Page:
He saisede the mulne for a castel,
With hare sharpe swerdes he grounde the stel,
He wende that the sayles were mangonel
To helpe Wyndesore.
Richard, thah thou he ever trichard,
Trichthen shalt thou never more.

The Kyng of Alemaigne gederede ys host,
Makede him a castel of a mulne post,
Wende with is prude, ant is muchele bost,
Brohte from Alemayne mony sori gost
To store Wyndesore.
Richard, thah thou he ever trichard,
Trichthen shalt thou never more.

By God, that is aboven ous, he dude muche synne,
That lette passen over see the Erl of Warynne:
He hath robbed Engelond, the mores, ant th fenne,
The gold, ant the selver, and y-boren henne,
For love of Wyndesore.
Richard, thah thou he ever trichard,
Trichthen shalt thou never more.

Sire Simond de Mountfort hath suore bi ys chyn,
Hevede he nou here the Erl of Waryn,
Shuld he never more come to is yn,
Ne with held, ne with spere, ne with other gyn,
To help of Wyndesore.
Richard, thah thou he ever trichard,
Trichthen shalt thou never more.

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The Revenge - A Ballad of the Fleet

I

AT Flores, in the Azores Sir Richard Grenville lay,
And a pinnace, like a flutter’d bird, came flying from far away;
“Spanish ships of war at sea! we have sighted fifty-three!”
Then sware Lord Thomas Howard: “’Fore God I am no coward;
But I cannot meet them here, for my ships are out of gear,
And the half my men are sick. I must fly, but follow quick.
We are six ships of the line; can we fight with fifty-three?”

II

Then spake Sir Richard Grenville: “I know you are no coward;
You fly them for a moment to fight with them again.
But I’ve ninety men and more that are lying sick ashore.
I should count myself the coward if I left them, my Lord Howard,
To these Inquisition dogs and the devildoms of Spain.”

III

So Lord Howard past away with five ships of war that day,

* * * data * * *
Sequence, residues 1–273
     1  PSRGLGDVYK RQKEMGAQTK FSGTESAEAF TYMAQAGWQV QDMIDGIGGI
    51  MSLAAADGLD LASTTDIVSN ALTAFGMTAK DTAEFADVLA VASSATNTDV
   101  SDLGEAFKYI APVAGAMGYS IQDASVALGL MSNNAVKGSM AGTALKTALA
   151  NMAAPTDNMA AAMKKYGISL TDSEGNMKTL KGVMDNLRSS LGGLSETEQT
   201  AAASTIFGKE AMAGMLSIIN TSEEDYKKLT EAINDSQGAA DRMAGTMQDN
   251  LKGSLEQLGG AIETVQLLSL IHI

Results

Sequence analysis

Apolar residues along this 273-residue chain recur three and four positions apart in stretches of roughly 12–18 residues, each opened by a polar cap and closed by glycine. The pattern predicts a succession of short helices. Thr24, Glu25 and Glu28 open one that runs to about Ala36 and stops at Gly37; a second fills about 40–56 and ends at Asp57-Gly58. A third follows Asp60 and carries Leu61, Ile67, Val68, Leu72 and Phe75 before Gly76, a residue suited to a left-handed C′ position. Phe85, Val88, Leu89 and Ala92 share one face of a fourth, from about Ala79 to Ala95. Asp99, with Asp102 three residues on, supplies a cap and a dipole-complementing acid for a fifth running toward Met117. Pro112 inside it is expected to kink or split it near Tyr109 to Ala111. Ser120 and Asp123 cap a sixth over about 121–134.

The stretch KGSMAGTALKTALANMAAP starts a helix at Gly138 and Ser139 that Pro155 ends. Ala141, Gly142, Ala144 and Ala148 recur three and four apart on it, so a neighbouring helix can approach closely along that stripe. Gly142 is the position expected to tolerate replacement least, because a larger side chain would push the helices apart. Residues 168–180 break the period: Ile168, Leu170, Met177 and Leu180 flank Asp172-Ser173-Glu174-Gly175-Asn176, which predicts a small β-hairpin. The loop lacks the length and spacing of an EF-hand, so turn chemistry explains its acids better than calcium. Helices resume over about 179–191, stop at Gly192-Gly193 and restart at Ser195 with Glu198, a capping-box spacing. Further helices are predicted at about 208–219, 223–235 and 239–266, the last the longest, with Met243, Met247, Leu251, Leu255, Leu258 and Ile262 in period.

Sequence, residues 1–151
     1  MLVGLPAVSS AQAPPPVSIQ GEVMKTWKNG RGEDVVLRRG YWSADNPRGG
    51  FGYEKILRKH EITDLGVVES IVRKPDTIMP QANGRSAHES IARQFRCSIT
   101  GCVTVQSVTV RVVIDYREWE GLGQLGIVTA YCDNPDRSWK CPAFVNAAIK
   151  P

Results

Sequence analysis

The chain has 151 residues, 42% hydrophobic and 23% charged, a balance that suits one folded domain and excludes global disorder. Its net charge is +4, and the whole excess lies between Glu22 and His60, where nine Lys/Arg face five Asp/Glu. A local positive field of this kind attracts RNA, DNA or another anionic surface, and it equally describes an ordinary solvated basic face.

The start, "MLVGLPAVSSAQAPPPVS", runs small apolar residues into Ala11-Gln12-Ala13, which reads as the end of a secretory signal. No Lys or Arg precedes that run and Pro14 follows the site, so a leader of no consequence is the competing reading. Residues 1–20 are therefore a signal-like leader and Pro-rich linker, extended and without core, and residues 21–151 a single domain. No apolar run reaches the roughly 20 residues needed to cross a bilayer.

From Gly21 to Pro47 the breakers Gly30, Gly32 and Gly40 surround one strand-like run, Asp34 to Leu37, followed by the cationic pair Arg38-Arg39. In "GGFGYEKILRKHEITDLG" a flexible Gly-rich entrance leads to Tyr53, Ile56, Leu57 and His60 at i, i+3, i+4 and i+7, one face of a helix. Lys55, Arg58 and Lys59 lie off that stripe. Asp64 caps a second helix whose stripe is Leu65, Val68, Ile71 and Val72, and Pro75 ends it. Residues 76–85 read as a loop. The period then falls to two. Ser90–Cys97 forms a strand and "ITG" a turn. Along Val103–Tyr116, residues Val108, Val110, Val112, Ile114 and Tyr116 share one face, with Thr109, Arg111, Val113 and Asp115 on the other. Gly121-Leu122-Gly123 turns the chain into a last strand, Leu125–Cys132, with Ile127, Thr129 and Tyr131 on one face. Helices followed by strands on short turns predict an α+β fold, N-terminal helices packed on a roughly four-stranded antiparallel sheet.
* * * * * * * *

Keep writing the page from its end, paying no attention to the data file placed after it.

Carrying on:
Till he melted like a cloud in the silent summer heaven;
But Sir Richard bore in hand all his sick men from the land
Very carefully and slow,
Men of Bideford in Devon,
And we laid them on the ballast down below:
For we brought them all aboard,
And they blest him in their pain, that they were not left to Spain,
To the thumb-screw and the stake, for the glory of the Lord.

IV

He had only a hundred seamen to work the ship and to fight,
And he sailed away from Flores till the Spaniard came in sight,
With his huge sea-castles heaving upon the weather bow.
“Shall we fight or shall we fly?
Good Sir Richard, tell us now,
For to fight is but to die!
There’ll be little of us left by the time this sun be set.”
And Sir Richard said again: “We be all good Englishmen.
Let us bang these dogs of Seville, the children of the devil,
For I never turn’d my back upon Don or devil yet.”

V

Sir Richard spoke and he laugh’d, and we roar’d a hurrah and so
The little Revenge ran on sheer into the heart of the foe,
With her hundred fighters on deck, and her ninety sick below;
For half of their fleet to the right and half to the left were seen,
And the little Revenge ran on thro’ the long sea-lane between.

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The Parish Register - Part I: Baptisms

The year revolves, and I again explore
The simple Annals of my Parish poor;
What Infant-members in my flock appear,
What Pairs I bless'd in the departed year;
And who, of Old or Young, or Nymphs or Swains,
Are lost to Life, its pleasures and its pains.
No Muse I ask, before my view to bring
The humble actions of the swains I sing. -
How pass'd the youthful, how the old their days;
Who sank in sloth, and who aspired to praise;
Their tempers, manners, morals, customs, arts,
What parts they had, and how they 'mploy'd their

parts;
By what elated, soothed, seduced, depress'd,
Full well I know-these Records give the rest.